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P07 Predictors of hospital length of stay following complete repair of tetralogy of fallot in a paediatric cohort in the North of England
  1. Adenike Motunrayo Adesanya1,
  2. Kate E Best2,
  3. Louise Coats1,3,
  4. Judith Rankin1,4
  1. 1Population Health Sciences Institute, Newcastle University, Newcastle Upon Tyne, UK
  2. 2Leeds Institute of Health Sciences, University of Leeds, Leeds, UK
  3. 3Freeman Hospital, Newcastle upon Tyne Hospitals NHS Foundation Trust, Newcastle Upon Tyne, UK
  4. 4NIHR, Applied Research Collaboration North East and North Cumbria, Newcastle Upon Tyne, UK

Abstract

Background Congenital heart disease (CHD) is the most common group of congenital anomalies, with Tetralogy of Fallot (ToF) being the most common complex, cyanotic CHD. The number of procedures performed to correct or palliate CHD in children in the UK has risen steadily over time. Information on hospital length of stay (HLOS) is important for parents, commissioners and health professionals. There is a paucity of information regarding predictors of HLOS following paediatric CHD repair in the UK. The aim of this study was to estimate the median HLOS and to identify predictors of HLOS following ToF repair in children presenting to a Level 1 (surgical) CHD centre in the North of England.

Methods The National CHD Audit dataset was used to identify patients with ToF. We included patients aged <2 years at operation who underwent surgical repair for ToF between 1 January 1986 and 13 May 2022. Multiple imputation with chained equations was performed with 20 imputations to estimate missing values. Univariable and multivariable quantile regression was performed to examine the association between median HLOS and predictors.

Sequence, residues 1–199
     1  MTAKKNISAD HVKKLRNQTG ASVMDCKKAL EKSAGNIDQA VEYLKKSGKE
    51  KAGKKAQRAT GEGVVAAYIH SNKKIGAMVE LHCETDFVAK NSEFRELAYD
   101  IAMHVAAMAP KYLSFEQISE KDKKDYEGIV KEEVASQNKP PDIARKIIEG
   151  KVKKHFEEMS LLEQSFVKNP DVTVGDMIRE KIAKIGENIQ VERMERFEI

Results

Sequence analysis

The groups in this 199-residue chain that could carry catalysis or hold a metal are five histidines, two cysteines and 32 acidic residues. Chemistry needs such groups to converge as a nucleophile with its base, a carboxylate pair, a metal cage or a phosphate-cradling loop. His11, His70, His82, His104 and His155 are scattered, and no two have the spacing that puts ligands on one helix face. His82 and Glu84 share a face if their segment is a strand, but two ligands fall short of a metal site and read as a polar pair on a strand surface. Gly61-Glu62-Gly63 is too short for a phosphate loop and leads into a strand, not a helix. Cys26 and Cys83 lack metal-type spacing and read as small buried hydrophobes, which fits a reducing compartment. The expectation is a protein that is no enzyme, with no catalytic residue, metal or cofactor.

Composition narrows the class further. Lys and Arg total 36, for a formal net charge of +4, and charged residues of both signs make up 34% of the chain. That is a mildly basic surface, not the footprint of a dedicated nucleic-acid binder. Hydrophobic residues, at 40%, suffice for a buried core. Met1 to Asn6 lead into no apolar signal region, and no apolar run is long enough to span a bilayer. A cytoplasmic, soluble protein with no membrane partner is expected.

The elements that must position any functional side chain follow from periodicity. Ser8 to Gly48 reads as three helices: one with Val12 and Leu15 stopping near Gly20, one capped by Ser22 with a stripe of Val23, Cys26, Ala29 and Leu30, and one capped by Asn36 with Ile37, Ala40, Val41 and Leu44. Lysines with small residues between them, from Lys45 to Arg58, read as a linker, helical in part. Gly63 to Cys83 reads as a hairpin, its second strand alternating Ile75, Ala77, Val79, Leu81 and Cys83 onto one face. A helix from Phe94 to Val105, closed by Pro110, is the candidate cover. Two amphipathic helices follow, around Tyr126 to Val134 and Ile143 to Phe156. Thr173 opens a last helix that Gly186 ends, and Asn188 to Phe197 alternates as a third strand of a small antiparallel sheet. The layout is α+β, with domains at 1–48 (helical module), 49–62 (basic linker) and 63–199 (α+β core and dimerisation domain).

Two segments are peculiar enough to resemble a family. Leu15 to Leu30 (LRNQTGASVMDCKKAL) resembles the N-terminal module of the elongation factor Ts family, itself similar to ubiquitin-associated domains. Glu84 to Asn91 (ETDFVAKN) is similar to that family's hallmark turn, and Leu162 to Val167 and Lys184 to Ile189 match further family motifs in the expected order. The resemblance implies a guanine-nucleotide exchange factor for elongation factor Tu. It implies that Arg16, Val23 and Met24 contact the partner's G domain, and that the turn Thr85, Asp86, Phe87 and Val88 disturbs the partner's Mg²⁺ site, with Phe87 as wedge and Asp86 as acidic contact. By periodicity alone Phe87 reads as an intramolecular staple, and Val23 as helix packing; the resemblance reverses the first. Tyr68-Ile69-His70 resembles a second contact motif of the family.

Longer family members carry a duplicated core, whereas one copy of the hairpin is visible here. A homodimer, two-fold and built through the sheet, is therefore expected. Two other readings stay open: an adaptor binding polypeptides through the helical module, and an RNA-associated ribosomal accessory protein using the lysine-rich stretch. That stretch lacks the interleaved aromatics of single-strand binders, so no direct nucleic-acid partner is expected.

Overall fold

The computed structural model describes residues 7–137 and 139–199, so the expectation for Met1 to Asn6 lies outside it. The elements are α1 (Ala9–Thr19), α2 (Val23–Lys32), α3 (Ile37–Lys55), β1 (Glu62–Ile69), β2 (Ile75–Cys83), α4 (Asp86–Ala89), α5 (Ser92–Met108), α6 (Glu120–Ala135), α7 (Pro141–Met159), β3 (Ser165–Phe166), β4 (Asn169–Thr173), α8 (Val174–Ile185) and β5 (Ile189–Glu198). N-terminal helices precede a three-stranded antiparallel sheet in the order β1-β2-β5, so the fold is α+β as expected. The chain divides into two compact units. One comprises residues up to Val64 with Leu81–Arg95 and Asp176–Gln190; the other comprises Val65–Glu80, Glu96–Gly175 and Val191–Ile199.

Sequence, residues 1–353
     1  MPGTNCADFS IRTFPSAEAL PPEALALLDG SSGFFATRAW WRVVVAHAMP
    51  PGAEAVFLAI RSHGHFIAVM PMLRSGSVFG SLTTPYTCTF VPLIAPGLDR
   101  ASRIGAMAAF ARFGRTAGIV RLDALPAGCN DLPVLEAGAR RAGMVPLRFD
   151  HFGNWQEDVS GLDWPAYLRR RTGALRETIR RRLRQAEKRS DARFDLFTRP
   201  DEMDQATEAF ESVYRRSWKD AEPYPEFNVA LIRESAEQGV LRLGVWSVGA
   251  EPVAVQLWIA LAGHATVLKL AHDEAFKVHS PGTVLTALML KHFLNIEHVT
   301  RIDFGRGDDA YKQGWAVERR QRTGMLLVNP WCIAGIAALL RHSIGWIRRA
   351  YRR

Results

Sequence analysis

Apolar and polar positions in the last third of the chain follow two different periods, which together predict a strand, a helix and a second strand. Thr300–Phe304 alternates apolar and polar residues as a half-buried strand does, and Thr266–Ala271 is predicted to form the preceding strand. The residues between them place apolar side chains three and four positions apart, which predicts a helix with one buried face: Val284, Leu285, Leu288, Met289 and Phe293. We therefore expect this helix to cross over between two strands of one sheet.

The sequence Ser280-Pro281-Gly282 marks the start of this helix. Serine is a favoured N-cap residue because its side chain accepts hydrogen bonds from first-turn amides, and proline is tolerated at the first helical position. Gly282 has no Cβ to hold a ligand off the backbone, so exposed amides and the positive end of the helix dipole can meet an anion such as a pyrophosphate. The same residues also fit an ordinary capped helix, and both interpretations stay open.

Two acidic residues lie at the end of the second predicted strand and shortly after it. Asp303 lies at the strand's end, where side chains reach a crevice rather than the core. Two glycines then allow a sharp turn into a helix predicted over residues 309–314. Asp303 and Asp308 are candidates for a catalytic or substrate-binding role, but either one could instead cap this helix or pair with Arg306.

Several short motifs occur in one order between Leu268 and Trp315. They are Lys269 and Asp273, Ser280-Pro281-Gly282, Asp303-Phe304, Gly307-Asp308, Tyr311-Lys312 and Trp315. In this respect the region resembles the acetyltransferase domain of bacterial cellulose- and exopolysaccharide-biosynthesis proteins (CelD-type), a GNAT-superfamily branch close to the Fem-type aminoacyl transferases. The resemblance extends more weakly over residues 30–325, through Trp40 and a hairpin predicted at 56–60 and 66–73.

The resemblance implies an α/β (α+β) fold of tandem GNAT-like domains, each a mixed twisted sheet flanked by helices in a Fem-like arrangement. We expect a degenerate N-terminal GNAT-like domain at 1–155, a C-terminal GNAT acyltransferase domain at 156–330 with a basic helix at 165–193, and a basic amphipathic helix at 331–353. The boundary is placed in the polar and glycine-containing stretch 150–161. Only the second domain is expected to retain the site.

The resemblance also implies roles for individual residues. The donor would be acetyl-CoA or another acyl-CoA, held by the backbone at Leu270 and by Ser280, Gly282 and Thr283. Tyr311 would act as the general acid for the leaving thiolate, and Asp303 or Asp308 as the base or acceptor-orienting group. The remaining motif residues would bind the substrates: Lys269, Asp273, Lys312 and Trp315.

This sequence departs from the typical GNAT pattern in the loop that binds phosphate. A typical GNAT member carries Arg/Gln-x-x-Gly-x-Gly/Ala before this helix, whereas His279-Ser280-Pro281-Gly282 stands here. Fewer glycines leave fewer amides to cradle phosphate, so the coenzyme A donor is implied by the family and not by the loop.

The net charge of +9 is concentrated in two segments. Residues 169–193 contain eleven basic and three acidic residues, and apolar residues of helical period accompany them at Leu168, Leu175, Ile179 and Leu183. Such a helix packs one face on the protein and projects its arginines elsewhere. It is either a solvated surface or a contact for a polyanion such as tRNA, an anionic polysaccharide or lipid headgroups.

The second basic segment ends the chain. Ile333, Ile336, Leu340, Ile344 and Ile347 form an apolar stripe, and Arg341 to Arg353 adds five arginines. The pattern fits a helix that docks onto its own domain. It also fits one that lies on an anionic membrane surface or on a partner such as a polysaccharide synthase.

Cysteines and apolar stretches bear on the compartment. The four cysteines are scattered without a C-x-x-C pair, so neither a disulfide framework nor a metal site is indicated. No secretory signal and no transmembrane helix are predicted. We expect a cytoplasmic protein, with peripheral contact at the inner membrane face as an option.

Results There were 224 patients (59.4% male, Median age = 9 months, interquartile range 5–13 months) that underwent ToF repair, with a median HLOS of 9 days (IQR 7–13). In the univariable regression, for each month increase in age at operation, the median HLOS decreased by 0.17 days {β=-0.17(95%CI:-0.33, -0.01)}, and for each kg increase in weight at operation, the median HLOS decreased by 0.53 days {β=-0.53(95%CI:-0.97, -0.10)}. Previous cardiac or thoracic procedure {β=5(95%CI:2.38, 7.62)}, procedure urgency (elective vs urgent) {β=2.8(95%CI:0.39, 5.21)}, total bypass time (mins) {β=0.03(95%CI:0.01, 0.05)}, cross-clamp time (mins) {β=0.3(95%CI:0.01, 0.06)} and duration of post-operative intubation (days) {β=0.81(95%CI:0.67, 0.96)} were associated with increased HLOS in univariable models. There were no significant univariable associations with year of procedure, ethnicity, gender, comorbidities or socioeconomic status. In the multivariable models, previous cardiac or thoracic procedure {β=4.75(95%CI:1.66, 7.85)} and duration of post-operative intubation {β=0.76(95%CI:0.56, 0.96)} significantly predicted HLOS.

Discussion Identifying predictors of HLOS ensures adequate resources (e.g. beds, special care nurses) are available; health professionals are able to develop algorithms to minimise HLOS while maintaining health outcomes; and parents are able to make informed decisions about pregnancy continuation prenatally and make practical arrangements (e.g. leave from work, childcare for siblings) postnatally. The small sample size may have reduced the power to detect small effect sizes, but this regional study serves as a foundation for a larger national study.

  • Tetralogy of Fallot
  • Hospital Length of Stay
  • North of England

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